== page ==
18. Xiao, X. et al. Germline-like predecessors of broadly neutralizing antibodies lack measurable binding to HIV-1 envelope glycoproteins: implications for evasion of immune responses and design of vaccine immunogens. Biochem. Biophys. Res. Commun. 390, 404–409 (2009)

    CAS  Article  PubMed  PubMed Central  Google Scholar 

  19. Gustchina, E. et al. Structural basis of HIV-1 neutralization by affinity matured Fabs directed against the internal trimeric coiled-coil of gp41. PLoS Pathog. 6, e1001182 (2010)

    Article  PubMed  PubMed Central  Google Scholar 

  20. Wu, X. et al. Rational design of envelope identifies broadly neutralizing human monoclonal antibodies to HIV-1. Science 329, 856–861 (2010)

    ADS  CAS  Article  PubMed  PubMed Central  Google Scholar 

  21. Nabel, G. J. & Fauci, A. S. Induction of unnatural immunity: prospects for a broadly protective universal influenza vaccine. Nature Med. 16, 1389–1391 (2010)

    CAS  Article  PubMed  Google Scholar 

  22. Wei, C. J. et al. Induction of broadly neutralizing H1N1 influenza antibodies by vaccination. Science 329, 1060–1064 (2010)

    ADS  CAS  Article  PubMed  Google Scholar 

  23. Ledgerwood, J. E. et al. DNA priming and influenza vaccine immunogenicity: two phase 1 open label randomised clinical trials. Lancet Infect. Dis. 11, 916–924 (2011)

    CAS  Article  PubMed  PubMed Central  Google Scholar 

  24. Wei, C. J. et al. Comparative efficacy of neutralizing antibodies elicited by recombinant hemagglutinin proteins from avian H5N1 influenza virus. J. Virol. 82, 6200–6208 (2008)

    CAS  Article  PubMed  PubMed Central  Google Scholar 

  25. Souto-Carneiro, M. M., Longo, N. S., Russ, D. E., Sun, H. W. & Lipsky, P. E. Characterization of the human Ig heavy chain antigen binding complementarity determining region 3 using a newly developed software algorithm, JOINSOLVER. J. Immunol. 172, 6790–6802 (2004)

    CAS  Article  PubMed  Google Scholar 

  26. Kabat, E. A., Wu, T. T., Perry, H. M., Gottesman, K. S. & Foeller, C. Sequences of Proteins of Immunological Interest (US Dept. of Health and Human Services, Public Health Service, National Institutes of Health, 1991)

    Google Scholar 

  27. Kong, W. P. et al. Protective immunity to lethal challenge of the 1918 pandemic influenza virus by vaccination. Proc. Natl Acad. Sci. USA 103, 15987–15991 (2006)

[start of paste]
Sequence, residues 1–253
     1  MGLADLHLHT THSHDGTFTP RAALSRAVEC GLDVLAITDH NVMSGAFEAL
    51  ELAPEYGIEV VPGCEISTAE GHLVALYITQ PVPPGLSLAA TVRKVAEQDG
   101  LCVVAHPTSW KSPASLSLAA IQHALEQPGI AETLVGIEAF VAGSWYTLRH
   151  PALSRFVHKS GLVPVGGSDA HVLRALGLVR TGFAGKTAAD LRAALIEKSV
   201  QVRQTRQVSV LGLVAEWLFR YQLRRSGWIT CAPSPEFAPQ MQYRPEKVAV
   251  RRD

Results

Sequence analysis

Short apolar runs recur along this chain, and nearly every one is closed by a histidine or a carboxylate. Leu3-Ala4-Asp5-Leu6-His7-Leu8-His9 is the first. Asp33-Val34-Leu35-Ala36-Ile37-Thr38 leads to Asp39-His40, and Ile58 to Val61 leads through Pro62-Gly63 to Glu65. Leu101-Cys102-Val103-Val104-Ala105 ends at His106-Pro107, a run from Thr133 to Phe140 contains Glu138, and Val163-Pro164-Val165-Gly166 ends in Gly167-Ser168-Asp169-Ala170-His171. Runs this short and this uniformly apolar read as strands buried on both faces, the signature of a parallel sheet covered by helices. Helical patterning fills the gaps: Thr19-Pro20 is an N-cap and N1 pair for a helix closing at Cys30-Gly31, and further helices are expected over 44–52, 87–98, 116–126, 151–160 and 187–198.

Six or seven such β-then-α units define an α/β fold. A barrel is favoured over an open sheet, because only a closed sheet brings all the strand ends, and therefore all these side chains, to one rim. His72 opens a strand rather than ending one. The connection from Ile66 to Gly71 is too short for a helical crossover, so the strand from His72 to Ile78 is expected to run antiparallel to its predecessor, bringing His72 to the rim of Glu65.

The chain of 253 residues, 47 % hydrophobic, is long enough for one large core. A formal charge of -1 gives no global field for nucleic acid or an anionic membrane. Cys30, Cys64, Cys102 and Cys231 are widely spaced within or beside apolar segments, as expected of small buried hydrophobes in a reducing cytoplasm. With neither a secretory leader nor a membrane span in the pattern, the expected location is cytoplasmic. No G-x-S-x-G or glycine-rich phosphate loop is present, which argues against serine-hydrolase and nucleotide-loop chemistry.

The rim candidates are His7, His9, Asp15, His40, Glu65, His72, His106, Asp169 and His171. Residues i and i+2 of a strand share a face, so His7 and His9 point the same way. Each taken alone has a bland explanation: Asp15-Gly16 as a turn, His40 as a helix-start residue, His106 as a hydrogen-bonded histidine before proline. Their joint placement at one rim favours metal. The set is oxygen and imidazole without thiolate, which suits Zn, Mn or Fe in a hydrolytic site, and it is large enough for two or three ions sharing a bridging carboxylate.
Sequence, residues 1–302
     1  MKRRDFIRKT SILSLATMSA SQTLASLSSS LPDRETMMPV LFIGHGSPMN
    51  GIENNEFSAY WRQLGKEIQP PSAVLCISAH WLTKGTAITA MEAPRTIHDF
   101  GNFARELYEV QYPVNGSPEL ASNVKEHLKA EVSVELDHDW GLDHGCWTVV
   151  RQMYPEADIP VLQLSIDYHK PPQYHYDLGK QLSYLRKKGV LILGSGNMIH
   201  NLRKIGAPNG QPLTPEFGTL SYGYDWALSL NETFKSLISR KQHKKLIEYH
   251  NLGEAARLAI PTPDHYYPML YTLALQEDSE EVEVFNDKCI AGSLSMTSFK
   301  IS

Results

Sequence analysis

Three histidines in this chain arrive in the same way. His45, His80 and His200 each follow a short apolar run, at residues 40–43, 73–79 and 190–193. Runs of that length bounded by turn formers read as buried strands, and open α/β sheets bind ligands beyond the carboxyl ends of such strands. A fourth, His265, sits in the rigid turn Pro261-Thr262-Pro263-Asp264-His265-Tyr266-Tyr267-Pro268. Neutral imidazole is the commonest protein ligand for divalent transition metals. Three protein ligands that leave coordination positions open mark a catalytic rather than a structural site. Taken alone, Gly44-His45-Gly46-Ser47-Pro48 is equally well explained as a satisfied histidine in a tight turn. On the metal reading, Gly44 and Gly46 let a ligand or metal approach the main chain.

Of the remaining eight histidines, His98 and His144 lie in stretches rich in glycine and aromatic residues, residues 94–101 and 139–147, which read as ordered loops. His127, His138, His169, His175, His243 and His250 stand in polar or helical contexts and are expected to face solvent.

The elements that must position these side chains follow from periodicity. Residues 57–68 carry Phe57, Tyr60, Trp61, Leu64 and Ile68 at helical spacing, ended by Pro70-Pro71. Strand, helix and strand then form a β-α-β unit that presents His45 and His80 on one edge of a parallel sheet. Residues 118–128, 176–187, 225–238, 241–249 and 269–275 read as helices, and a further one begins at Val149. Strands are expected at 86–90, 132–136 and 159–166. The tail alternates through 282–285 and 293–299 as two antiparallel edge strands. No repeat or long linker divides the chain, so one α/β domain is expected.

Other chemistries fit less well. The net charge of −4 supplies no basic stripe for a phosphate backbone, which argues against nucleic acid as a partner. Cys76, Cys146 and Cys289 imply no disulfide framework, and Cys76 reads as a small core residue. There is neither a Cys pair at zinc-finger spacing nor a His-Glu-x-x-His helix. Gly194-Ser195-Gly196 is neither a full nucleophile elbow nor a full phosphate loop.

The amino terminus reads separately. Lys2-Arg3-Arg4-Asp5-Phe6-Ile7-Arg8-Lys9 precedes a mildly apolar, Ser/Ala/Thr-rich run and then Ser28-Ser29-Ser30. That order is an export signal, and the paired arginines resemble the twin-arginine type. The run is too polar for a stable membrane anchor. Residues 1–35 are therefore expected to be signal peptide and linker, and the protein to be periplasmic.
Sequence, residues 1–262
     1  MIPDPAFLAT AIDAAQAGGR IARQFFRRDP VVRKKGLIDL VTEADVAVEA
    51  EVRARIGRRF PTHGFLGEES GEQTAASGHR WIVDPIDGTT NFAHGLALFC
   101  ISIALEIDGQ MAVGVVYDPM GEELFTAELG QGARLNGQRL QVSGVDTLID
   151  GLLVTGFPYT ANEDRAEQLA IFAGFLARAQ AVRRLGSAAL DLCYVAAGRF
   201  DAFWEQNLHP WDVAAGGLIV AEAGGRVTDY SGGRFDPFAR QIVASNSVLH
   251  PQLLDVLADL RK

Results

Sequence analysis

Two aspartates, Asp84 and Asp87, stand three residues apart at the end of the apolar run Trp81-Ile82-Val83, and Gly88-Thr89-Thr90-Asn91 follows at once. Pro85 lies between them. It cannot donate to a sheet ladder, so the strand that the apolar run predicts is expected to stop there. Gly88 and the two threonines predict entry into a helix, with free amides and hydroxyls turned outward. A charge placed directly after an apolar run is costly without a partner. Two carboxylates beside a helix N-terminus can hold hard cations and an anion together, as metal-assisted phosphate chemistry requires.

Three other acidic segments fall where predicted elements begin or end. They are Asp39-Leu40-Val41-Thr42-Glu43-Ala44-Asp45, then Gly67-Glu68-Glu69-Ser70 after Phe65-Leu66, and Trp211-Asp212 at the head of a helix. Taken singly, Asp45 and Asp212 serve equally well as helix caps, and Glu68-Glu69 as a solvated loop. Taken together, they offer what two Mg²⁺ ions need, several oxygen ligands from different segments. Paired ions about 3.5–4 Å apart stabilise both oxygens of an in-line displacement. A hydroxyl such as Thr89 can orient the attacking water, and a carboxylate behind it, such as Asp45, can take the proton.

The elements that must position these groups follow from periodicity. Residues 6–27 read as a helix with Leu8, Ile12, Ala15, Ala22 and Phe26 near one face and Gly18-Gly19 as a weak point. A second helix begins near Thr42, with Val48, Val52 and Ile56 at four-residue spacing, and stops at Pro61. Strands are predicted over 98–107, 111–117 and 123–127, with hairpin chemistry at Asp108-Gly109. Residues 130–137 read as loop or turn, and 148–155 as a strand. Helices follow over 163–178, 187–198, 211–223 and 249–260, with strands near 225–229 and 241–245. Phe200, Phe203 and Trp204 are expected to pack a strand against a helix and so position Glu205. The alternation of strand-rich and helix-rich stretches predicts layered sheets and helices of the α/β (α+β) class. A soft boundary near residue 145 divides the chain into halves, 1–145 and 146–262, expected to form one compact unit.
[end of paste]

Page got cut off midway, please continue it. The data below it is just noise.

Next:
ADS  CAS  Article  PubMed  PubMed Central  Google Scholar 

  28. Metzger, H. Transmembrane signaling: the joy of aggregation. J. Immunol. 149, 1477–1487 (1992)

    CAS  PubMed  Google Scholar 

  29. Liu, W., Sohn, H. W., Tolar, P. & Pierce, S. K. It’s all about change: the antigen-driven initiation of B-cell receptor signaling. Cold Spring Harb. Perspect. Biol. 2, a002295 (2010)

    Article  PubMed  PubMed Central  Google Scholar 

  30. Wienands, J., Larbolette, O. & Reth, M. Evidence for a preformed transducer complex organized by the B cell antigen receptor. Proc. Natl Acad. Sci. USA 93, 7865–7870 (1996)

    ADS  CAS  Article  PubMed  PubMed Central  Google Scholar 

  31. Heizmann, B., Reth, M. & Infantino, S. Syk is a dual-specificity kinase that self-regulates the signal output from the B-cell antigen receptor. Proc. Natl Acad. Sci. USA 107, 18563–18568 (2010)

    ADS  CAS  Article  PubMed  PubMed Central  Google Scholar 

Download references


We thank N. Longo for help with JOINSOLVER analysis, Z.-Y. Yang for the design of membrane-bound IgM antibody, and X. Chen for technical support. We also thank A. Tislerics for manuscript preparation, B. Hartman and J. Farrar for preparation of figures, members of the G.J.N. laboratory and P. Kwong for advice and discussions. Use of the Advanced Photon Source was supported by the US Department of Energy, Office of Science, Office of Basic Energy Sciences, under contract no. W-31-109-Eng-38. This research was supported by the Intramural Research Program of the Vaccine Research Center, NIAID, National Institutes of Health.

Author information

Authors and Affiliations



D.L., P.M.M., H.M.Y., J.C.B., C.-J.W. and G.J.N. designed the research studies; D.L., P.M.M., H.M.Y., J.R.W., X.G., J.C.B. and C.-J.W. performed the research; D.L., P.M.M., H.M.Y., J.R.W., J.C.B., C.-J.W. and G.J.N. analysed data and wrote the paper.

Corresponding author

Correspondence to Gary J. Nabel.

Ethics declarations

Competing interests

The authors declare no competing financial interests.

Supplementary information

Supplementary Information

This file contains Supplementary Figure 1-6 and Supplementary Table 1.They show additional antibody specificities: breadth of sHgL reactivity, effect of antibody valency for germline binding and the stem-dependent specificity of membrane-bound IgM germline, as well complementary tools and methodology: sugar competition to prevent non-specific HA binding to cells, HA-proteoliposome preparation and crystallographic parameters. (PDF 550 kb)

PowerPoint slides

Rights and permissions

Reprints and Permissions

About this article

Cite this article

Lingwood, D., McTamney, P., Yassine, H. et al. Structural and genetic basis for development of broadly neutralizing influenza antibodies. Nature 489, 566–570 (2012).

Download citation

  • Received:

  • Accepted:

  • Published:

  • Issue Date:

  • DOI:

Further reading


By submitting a comment you agree to abide by our Terms and Community Guidelines. If you find something abusive or that does not comply with our terms or guidelines please flag it as inappropriate.


Quick links

Nature Briefing

Sign up for the Nature Briefing newsletter — what matters in science, free to your inbox daily.

Get the most important science stories of the day, free in your inbox. Sign up for Nature Briefing